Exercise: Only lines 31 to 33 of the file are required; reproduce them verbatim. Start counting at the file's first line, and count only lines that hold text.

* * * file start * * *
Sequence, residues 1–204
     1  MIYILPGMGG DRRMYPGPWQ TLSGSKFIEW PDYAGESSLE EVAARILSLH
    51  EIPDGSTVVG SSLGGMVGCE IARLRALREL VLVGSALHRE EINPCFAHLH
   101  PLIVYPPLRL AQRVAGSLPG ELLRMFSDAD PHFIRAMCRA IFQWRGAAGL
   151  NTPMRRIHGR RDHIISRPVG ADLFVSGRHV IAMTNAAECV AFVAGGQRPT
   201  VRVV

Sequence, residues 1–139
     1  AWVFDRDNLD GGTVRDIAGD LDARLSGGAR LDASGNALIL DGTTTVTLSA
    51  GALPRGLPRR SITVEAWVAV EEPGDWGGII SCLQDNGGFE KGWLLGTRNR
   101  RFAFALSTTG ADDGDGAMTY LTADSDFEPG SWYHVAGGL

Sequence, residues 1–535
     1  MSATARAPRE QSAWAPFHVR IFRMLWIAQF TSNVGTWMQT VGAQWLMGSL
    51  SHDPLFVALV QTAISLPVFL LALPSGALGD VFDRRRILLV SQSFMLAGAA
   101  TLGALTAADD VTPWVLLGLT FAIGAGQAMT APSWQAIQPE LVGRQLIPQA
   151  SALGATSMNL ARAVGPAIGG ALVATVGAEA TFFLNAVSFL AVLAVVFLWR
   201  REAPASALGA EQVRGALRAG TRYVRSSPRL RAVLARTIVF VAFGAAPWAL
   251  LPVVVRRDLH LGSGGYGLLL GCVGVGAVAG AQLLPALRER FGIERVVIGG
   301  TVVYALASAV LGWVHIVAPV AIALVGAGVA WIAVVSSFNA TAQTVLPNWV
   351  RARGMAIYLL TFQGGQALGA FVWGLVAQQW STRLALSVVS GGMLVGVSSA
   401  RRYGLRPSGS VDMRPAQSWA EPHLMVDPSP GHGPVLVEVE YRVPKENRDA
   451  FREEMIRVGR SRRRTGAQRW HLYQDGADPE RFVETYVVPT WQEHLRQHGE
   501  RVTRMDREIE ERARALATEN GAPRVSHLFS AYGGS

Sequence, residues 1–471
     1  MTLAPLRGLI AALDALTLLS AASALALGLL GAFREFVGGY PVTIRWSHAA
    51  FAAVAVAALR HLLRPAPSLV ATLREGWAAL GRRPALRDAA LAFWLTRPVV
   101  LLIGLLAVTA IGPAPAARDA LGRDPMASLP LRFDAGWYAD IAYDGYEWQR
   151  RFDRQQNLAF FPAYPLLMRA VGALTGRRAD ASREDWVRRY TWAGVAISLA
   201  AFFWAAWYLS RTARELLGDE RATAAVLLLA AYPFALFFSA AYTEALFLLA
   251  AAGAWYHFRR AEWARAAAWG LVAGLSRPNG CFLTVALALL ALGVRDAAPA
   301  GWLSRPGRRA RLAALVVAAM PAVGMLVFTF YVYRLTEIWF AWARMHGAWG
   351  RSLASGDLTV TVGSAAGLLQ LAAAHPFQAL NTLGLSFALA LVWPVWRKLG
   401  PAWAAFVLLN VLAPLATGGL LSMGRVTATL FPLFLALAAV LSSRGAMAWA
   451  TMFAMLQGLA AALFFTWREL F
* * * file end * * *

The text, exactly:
   351  RSLASGDLTV TVGSAAGLLQ LAAAHPFQAL NTLGLSFALA LVWPVWRKLG
   401  PAWAAFVLLN VLAPLATGGL LSMGRVTATL FPLFLALAAV LSSRGAMAWA
   451  TMFAMLQGLA AALFFTWREL F